Stone Soup, Coddle, Cake & the Death Coach

Visiting a Forth Class House for an Irish Wake, 1837

Stone Soup, Coddle, Cake & the Death Coach

Hi all,

I hope you all had a lovely long bank holiday weekend. Last week was a lot of fun with some radio stations and newspapers picking up on Old Irish Recipes, thanks to a producer who caught a comment I wrote about it in a Facebook group and also to our fabulous sponsor Caroline at Ireland Solo Ladies Travel. I am starting to get more recipe and story submissions and today’s newsletter reflects this. I am also going to skip the poll today. If you would like to get in touch directly please reply to this email, it makes it easier for me to respond back directly to you, which I love to do.

In today’s newsletter there is…

  • Stone Soup Recipe

  • Irish Porter or Guinness or Stout Cake - Cáca Pórtar

  • White or Brown Coddle

  • The Death Coach

  • Visiting a Forth Class of Irish Housing for an Irish Wake, 1837

Stone Soup Recipe

The below stone soup recipe has been sent to me recently by Evelyn, a nurse who at one time volunteered to lead a widow/widower bereavement group and found that soup recipe stories soothed her soul. Thank you Evelyn. I always thought that stone soup was nonsense or was a silly name given to a soup. I have also heard about it being served with boiled eggs in other countries and just called stone soup. However last year a man passed on to me that stone soup was made in Old Ireland for pregnant women and the sickly, so that they could try to lick the minerals and salts from a porous wet stone in the absence of a good diet. When I heard this my mind went straight back to seeing the salt lick stones in horse stables growing up.

“Sorry I cannot credit the story to particular person but as a nurse the idea of serving up both love and minerals just touched my heart. Place gathered stones in a pot and cook over fire. Talk it up to the children as something special. Minerals leached out into "soup" gave nutrition. Grasses, berries and twigs added to the excitement.”

I would love to know more about this “recipe” if you have any family stories about it. I have also updated last weeks newsletter because there was a few people who got in touch to confirm the baked hedgehog story and I also passed the information on to the National Biodiversity Data Centre Ireland. You can always read past newsletters on the website www.oldirishrecipes.com.

Irish Porter or Guinness or Stout Cake - Cáca Pórtar

Irish porter cake is a well-known cake, often eaten at wakes and funerals in Old Ireland because it lasts well. Porter was thought to have been used in baking around the early 18th century. This is the oldest and simplest recipe I have for porter cake and the instructions were minimal so I crossed checked it with a slightly fancier old recipe which says to bake it at 160 degrees for the first hour and then 150 degrees for the last two hours. I’d say you might need to keep a close eye on it in your oven so that you can adjust the temperature if you feel it’s a bit too hot or you can look up a fancy modern version, but you know I love the old ones.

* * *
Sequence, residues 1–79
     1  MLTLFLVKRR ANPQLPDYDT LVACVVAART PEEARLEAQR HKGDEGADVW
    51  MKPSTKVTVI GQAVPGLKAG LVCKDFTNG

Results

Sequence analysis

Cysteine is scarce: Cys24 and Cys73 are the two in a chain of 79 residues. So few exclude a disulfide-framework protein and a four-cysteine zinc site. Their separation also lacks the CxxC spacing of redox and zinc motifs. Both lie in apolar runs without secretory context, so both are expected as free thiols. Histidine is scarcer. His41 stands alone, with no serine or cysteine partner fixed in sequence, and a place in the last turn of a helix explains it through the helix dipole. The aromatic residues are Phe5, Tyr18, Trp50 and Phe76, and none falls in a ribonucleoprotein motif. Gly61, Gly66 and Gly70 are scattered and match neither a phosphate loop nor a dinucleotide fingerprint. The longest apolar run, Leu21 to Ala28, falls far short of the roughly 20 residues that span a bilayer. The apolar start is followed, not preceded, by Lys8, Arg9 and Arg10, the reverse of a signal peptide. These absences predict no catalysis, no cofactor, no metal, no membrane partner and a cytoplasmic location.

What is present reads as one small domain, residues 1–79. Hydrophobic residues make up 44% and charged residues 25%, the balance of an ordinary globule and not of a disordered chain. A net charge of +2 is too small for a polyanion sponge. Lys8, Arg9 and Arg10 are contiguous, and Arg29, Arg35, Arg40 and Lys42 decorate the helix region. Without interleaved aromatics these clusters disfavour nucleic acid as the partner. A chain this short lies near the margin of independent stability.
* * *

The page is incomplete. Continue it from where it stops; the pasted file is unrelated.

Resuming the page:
• 1 lb. flour

  • ½ lb. currants

  • ½ lb. 1/2 lb. raisins

  • ¼ lb. mixed peel

  • ¾ lb. brown sugar

  • 2 tsps. mixed spice

  • rind of 1 lemon

  • ½ lb. butter

  • 1 tsp. bicarbonate of soda

  • 1 small bottle of porter or Guinness or stout (500ml)

  • 4 eggs

In a big bowl, sieve in the flour and then rub the butter in. Add the fruit, spice and peel. Beat the eggs in a separate bowl. Now heat the porter and pour it over the bicarbonate of soda in a third bowl. Now pour the eggs into the big bowl with the dry mixture, mix well and then add the porter, enough so that you have a cake-like mixture, not too wet, not too dry. Mix well and beat by hand for 15 minutes or a lot less with a modern appliance. Bake in a well-greased tin in a moderate oven about 180 degrees Celsius, 350 degrees Fahrenheit, Gas mark 4, for 2 ½ - 3 hours. Keep for a week in an airtight tin before cutting or serving. I would keep an eye on how its baking as these are old baking instructions for old, less efficient ovens.

A tip I have is to coat the fruit, spice and peel in flour before adding them to the flour and butter mixture. This prevents them from sinking when being baked.

White and Brown Coddle

Dublin Coddle has a long-standing tradition as a funeral or Irish wake dish in Ireland. It was traditionally served after wakes and funerals as a way to provide comfort to the family and to give them a hot, hearty meal after a long day of grieving. it was also used as a simple supper meal to use up left over sausages and rashers. This meal cooks very slowly all day while everyone is out of the house and serves up to eight people. It was sometimes served with soda bread. I was in Dublin just before St. Patrick’s Day and was so disappointed that I couldn’t find this on a menu. It really is delicious. If you know of any restaurants regularly serving this or any of our recipes do please let me know as I am keeping a list of them for you.

  • 1 lb. roughly chopped rashers (bacon)

  • 1 lb. sausages

  • 3 large onions

  • 3 large or 4 medium sized potatoes

  • ½ pint of water or stock (best to use brown stock made from oxtail or white stock instead).

  • A little salt

  • Black pepper

  • Chopped parsley, if available

Chop the onions and thinly peel the potatoes to ensure there is no wastage. If the potatoes are large and you would like to reduce the cooking time to four hours, cut them into two or three pieces.